Review Summary: Gamma Ray shoots for a Land of the Free and scores a (worse) Power Plant. Ouch.
Say what you will about Kamelot, Blind Guardian, Helloween, or Iced Earth, but if you ask me, Gamma Ray has always been the definitive power metal band. The group's 1995 and 1997 albums, Land of the Free and Somewhere Out in Space are two of the finest recordings metal has to offer, and though the latter's follow up, Power Plant, wasn't exactly up to par, the band has enjoyed a solid career ever since. Needless to say, this has heaped a ton of expectations on Germany's finest (and naming the effort Land of the Free II doesn't exactly help). Unfortunately, Gamma Ray hasn't exactly met these expectations gracefully, as Land of the Free II just might be their weakest album yet.
Gamma Ray's latest offering marks a departure from the more aggressive, riff based structure of Majestic and No World Order. Instead the band opts for a musical style more appropriate to its namesake. Indeed, Land of the Free II stresses a melodic (at least more so than the past couple Gamma Ray albums) variant of power metal, with particular emphasis on Iron Maiden influenced leads and harmonies. Basically, it sounds almost exactly like Land of the Free. However, Gamma Ray's ninth album differs from the 1995 classic in several ways as well. Most notable is the almost sterile song writing heard throughout the hour long record. Land of the Free II just doesn't impress enough to warrant more than one listen. Leaving Hell plods along for almost four and a half minutes without a decent lick or melody. Empress features some of the worst lyrics the band has ever penned – "Kiss the princess, empress of the dark / Feel the poison flowing through your heart"
– Yeah. Opportunity is the record's second longest song, and not only can it not decide whether it wants to be a ballad, a hard-hitting Sigh No More-esque track in the mould of Dream Healer, or a rousing power metal anthem, but it also sports some of the most ridiculous, blatant plagiarism I've ever heard. Skip ahead to the middle of the track and then listen to Iron Maiden's Rime of the Ancient Mariner. It's exactly the same.
Another grating aspect of Land of the Free II is just how cheerful it sounds. Kai Hansen and co. will follow up a decent riff or melody with a nauseatingly happy sing-along chorus that sounds eerily like one of those church hymns they play at Sunday morning mass. Except happier, if that's possible. The biggest offender in this regard is To Mother Earth ("Sheeee was so beautifuuuuuuuuuul"
– what the hell?), which very well may be the most annoying song on the album after Opportunity. Kai Hansen's singing may be to blame, at least partially, as it sounds passive and weak, losing much of the edge which enhanced the likes of New World Order or My Temple.
Land of the Free II isn't all bad, however. In Nearly every song, there seems to be one or two musical passages (usually instrumental but sometimes held together by Kai Hansen's midrange singing - when it doesn't sound tired - as in the song Rain) which remind listeners why Gamma Ray is/was one of the premiere bands in the scene. Unfortunately, these brief moments of excellence aren't quite as numerous as the failings. As for standout tracks, well the album does contain a few worth listening to. Into the Storm opens Land of the Free II on a high note with its energetic flow and relentless riffing. The album's closer, Insurrection, is an eleven minute epic similar to Armageddon off Power Plant. The strongest track off the LP, it features Gamma Ray at its most comfortable (no church hymns or random bouts of shred ala To Mother Earth!). Each member is complimented rather nicely, and while there are guitar dominated pieces and catchy vocal lines featured throughout the song, neither Kai Hansen nor Henjo Richter get carried away in their role as dual lead guitarists. It may not top songs like Rebellion in Dreamland, Eagle, or Changes, but it still proves to be an entertaining listen on an album full of duds.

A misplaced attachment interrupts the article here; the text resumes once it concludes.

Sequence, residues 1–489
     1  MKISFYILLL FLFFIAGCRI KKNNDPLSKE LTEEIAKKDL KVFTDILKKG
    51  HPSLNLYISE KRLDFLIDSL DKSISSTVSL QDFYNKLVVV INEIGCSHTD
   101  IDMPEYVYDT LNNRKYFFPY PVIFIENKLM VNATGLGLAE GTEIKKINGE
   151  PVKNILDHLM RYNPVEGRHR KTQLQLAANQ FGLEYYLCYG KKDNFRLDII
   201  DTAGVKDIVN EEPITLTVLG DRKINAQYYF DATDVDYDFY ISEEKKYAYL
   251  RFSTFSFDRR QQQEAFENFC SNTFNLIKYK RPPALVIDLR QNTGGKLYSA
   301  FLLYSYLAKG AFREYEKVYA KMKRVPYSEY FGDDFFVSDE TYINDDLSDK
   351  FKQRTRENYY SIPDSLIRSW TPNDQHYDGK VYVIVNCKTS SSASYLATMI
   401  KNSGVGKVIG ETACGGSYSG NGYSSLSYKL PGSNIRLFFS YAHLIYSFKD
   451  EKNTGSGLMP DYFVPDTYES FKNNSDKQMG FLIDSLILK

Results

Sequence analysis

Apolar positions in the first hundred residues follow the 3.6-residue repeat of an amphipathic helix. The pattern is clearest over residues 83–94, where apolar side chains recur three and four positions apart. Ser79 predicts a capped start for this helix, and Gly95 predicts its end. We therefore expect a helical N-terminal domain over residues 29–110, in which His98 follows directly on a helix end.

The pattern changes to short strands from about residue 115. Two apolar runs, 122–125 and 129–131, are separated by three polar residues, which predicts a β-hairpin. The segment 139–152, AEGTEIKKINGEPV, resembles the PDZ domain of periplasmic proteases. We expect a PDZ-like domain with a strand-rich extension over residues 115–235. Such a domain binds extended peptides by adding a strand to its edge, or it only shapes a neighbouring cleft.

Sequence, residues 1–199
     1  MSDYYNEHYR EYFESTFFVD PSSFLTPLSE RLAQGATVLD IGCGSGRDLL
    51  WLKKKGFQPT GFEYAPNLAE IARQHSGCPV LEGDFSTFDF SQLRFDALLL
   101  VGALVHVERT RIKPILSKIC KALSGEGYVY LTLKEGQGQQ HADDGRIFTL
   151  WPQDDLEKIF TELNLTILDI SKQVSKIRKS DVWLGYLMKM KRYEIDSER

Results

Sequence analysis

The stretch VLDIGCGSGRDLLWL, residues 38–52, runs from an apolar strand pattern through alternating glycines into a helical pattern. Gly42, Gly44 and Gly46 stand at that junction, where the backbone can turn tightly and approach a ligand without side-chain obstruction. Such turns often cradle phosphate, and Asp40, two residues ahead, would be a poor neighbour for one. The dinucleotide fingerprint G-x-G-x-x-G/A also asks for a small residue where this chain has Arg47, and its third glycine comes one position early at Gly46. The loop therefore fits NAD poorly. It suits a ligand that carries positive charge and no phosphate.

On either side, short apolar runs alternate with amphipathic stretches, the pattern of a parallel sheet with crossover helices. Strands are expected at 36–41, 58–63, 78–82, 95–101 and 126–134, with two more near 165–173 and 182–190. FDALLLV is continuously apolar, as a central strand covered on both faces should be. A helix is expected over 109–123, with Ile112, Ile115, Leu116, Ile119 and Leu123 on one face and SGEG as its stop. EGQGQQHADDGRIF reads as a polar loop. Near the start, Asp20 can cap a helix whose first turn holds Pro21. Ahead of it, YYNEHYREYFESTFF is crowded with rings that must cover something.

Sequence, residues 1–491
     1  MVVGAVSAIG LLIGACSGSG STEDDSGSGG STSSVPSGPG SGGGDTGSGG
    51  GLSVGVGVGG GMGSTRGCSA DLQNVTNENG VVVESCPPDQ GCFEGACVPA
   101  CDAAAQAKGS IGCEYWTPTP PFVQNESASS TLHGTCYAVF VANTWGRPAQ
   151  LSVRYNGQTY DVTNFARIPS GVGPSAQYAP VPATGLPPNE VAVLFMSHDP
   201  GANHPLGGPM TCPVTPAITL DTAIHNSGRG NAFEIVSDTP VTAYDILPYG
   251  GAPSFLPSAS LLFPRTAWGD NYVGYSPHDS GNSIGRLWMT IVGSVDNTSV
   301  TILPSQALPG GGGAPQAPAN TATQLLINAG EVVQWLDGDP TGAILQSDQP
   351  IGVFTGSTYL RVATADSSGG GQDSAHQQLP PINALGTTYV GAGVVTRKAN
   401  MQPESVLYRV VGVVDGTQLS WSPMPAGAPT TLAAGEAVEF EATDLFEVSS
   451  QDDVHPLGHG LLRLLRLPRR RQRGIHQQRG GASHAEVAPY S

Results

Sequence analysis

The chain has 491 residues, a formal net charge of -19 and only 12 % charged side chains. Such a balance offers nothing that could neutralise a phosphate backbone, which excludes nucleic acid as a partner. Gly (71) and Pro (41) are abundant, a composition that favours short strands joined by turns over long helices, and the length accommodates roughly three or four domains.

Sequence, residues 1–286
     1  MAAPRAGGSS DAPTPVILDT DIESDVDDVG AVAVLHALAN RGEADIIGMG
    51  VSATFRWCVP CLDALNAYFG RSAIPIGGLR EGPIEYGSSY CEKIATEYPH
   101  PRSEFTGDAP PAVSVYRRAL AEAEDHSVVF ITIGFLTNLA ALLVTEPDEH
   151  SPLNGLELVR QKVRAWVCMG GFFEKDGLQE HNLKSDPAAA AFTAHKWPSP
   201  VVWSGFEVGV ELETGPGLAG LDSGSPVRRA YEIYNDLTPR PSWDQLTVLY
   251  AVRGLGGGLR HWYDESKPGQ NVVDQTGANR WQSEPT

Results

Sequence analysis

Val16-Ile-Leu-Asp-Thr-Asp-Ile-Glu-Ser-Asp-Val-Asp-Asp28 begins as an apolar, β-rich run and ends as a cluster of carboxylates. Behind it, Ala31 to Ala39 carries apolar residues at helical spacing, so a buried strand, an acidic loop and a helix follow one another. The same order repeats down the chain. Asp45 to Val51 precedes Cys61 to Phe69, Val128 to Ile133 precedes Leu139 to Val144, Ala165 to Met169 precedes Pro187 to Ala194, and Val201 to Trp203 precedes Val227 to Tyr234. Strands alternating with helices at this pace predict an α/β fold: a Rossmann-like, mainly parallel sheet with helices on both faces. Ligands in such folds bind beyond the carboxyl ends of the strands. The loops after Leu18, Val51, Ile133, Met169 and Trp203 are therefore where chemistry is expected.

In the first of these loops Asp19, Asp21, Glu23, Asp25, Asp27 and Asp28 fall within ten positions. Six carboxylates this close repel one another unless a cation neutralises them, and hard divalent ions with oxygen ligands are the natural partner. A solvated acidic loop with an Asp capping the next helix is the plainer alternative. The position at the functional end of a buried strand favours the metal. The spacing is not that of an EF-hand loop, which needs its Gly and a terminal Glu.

Considering Gamma Ray's track record, Land of the Free II just might end up being the most disappointing album of early 2008 (or 2007, if you live outside North America). Most of the songs have a very pedestrian feel to them, either failing to capitalize on decent musical ideas, such as in From the Ashes, attempting to make good out of stupid ideas that have no place on a Gamma Ray album, as in Here Me Calling, or the shameless plagiarism heard throughout the album, most notably in, again, Opportunity. Kai Hansen can definitely do better, as the likes of Insurrection, When in the World, or Into the Storm show. It's just a matter of putting a little more effort into the music. Or maybe trying something new. That would be cool too.